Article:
When Tom Hope, a practical sheep farmer in 1960s Australia, married Hannah Babel, a twice-widowed Auschwitz survivor many years his senior, not everyone thought it was a good idea.
But then again, Tom was easily swayed by women. His first wife, Trudy, had left him. Twice. The first time, she returned pregnant with another man’s child. The second time, she joined a Christian commune, saddling Tom with raising her son, Peter. Tom and Peter became an amicable pair, herding sheep, pruning trees, and fixing engines together. So when Trudy returned two years later to claim Peter, it nearly broke both Tom, who refused to live alone again, and Peter, who had no love for this mother he didn’t know, much less the Jesus Camp. Luckily, for Tom, Hannah comes to town, eager to open a bookstore. She hires Tom to help renovate the old shop building, and the two quickly become lovers. Although Hannah has survived the Holocaust, the memories of those she lost, including her son, Michael, haunt her. Meanwhile, unluckily for Peter, the pastor in charge of Jesus Camp is a controlling patriarch who believes heartily in thrashing the spirit of God into misbehaving boys, especially those who run away, like Peter. And although Tom would gladly fight to keep Peter, both the law and Hannah are against him, for Peter isn't Tom’s biological son, and Hannah can't bear to love a boy again, a boy who could be lost just as Michael was. Can Tom and Hannah find a way to bring Peter home? Hillman (The Boy in the Green Suit, 2008, etc.) crafts a compelling tale, toggling among Tom’s, Hannah’s, and Peter’s perspectives, as he delineates the stripping of each heart and draws together the ties that bind them together again.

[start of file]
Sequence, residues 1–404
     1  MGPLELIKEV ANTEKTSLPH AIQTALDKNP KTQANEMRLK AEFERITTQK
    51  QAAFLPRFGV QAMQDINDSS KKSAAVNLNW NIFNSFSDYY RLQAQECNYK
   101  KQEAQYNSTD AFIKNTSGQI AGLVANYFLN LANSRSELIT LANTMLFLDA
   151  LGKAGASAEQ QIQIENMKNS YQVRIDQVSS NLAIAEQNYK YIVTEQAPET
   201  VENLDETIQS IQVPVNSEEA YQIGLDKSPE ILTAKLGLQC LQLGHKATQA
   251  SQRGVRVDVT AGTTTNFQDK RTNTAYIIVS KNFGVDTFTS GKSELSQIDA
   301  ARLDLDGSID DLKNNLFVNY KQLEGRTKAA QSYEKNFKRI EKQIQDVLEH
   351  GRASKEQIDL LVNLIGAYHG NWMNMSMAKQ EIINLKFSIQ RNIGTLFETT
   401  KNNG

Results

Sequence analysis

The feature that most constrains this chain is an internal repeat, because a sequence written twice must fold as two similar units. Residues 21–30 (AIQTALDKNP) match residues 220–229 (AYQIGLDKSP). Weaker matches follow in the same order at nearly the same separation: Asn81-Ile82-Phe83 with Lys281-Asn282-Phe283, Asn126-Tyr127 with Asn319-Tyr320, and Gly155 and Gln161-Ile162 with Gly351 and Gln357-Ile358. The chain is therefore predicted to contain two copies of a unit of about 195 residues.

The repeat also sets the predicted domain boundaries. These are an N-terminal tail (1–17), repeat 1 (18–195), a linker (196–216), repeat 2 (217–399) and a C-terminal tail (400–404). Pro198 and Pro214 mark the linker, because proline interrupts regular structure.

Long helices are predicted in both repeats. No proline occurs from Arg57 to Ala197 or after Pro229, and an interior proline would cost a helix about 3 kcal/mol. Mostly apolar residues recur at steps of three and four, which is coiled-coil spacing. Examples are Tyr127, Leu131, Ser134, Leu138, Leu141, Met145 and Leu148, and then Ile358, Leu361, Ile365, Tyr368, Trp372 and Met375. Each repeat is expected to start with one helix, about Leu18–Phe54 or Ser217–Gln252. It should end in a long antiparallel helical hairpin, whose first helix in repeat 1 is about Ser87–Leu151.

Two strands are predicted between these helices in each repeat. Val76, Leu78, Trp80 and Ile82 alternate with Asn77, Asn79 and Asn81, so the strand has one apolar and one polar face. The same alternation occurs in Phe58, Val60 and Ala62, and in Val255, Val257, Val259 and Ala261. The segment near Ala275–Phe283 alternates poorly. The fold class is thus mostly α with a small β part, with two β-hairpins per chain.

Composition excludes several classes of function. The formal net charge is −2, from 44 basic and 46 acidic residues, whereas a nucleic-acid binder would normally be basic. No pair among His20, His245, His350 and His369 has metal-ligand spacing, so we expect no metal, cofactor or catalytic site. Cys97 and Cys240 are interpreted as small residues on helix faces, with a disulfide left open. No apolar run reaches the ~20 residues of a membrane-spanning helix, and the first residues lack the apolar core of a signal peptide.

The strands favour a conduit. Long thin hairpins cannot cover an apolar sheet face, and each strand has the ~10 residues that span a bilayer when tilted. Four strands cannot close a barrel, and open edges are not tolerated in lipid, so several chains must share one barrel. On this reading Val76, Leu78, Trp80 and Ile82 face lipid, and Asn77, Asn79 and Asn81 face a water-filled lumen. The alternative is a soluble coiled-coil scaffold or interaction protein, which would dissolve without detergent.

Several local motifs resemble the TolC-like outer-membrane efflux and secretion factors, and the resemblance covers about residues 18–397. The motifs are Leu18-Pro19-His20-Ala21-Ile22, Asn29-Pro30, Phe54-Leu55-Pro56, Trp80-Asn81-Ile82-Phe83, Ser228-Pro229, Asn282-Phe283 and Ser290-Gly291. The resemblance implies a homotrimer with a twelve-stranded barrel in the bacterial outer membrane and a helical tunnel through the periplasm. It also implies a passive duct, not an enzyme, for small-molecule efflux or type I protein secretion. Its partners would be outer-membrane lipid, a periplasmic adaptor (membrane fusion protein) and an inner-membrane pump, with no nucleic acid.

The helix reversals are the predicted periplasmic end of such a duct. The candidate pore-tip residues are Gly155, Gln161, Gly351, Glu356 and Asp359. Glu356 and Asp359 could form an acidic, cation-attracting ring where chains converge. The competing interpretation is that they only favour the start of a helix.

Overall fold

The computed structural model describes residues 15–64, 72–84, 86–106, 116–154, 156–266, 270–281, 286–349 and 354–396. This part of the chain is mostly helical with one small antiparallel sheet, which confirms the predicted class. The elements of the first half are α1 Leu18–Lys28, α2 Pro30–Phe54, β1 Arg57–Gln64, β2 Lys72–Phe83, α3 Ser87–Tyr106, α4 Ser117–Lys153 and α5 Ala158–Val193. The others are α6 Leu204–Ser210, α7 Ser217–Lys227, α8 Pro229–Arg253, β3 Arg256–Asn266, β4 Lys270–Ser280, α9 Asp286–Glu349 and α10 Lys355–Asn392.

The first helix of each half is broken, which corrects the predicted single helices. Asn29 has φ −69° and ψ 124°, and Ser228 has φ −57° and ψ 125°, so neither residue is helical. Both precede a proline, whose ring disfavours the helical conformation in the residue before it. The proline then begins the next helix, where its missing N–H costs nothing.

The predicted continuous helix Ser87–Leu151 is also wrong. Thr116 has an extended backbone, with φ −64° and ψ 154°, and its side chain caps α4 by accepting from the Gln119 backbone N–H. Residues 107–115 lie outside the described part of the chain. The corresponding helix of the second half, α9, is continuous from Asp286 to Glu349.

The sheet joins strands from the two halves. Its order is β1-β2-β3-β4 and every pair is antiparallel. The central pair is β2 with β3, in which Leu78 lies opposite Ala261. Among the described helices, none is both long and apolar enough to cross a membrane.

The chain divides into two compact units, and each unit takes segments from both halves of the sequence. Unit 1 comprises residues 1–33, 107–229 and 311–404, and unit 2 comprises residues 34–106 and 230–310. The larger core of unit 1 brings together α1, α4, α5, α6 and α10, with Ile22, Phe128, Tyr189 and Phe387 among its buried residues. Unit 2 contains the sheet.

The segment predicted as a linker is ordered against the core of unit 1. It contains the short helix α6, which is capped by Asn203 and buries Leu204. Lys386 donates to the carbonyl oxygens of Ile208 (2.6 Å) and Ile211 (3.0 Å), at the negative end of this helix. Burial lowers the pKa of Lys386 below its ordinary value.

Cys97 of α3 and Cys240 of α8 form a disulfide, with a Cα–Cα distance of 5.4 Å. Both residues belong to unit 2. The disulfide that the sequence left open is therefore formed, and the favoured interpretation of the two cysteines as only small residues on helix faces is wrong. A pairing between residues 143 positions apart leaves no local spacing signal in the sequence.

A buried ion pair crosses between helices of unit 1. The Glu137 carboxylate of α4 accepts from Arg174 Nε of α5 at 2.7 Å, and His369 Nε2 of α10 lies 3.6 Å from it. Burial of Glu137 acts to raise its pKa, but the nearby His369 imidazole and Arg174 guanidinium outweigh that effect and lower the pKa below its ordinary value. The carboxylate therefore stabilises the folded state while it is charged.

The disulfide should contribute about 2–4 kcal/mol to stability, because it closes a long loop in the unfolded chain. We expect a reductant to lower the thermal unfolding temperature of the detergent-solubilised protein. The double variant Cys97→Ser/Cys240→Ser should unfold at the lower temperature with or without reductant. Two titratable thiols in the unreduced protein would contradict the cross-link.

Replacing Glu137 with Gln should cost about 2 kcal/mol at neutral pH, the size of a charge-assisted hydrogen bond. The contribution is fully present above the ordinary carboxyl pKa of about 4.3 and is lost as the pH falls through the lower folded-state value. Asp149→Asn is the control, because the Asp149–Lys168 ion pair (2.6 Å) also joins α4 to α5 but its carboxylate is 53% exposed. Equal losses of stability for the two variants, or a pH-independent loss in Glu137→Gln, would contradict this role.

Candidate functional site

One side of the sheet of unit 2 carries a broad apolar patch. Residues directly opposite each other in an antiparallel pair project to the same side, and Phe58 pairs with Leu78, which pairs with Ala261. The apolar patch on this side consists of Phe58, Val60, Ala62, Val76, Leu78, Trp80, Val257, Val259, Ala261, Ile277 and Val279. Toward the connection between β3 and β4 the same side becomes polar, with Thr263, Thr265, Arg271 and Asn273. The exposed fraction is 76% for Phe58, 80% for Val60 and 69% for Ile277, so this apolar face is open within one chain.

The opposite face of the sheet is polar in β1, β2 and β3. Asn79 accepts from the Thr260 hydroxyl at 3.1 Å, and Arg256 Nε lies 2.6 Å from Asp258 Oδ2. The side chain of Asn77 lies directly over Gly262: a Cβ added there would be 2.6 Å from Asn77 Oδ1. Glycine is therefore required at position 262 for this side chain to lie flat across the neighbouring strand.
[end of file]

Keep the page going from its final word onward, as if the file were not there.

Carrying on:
A heart-wrenching tale of love enduring all things in the face of evil.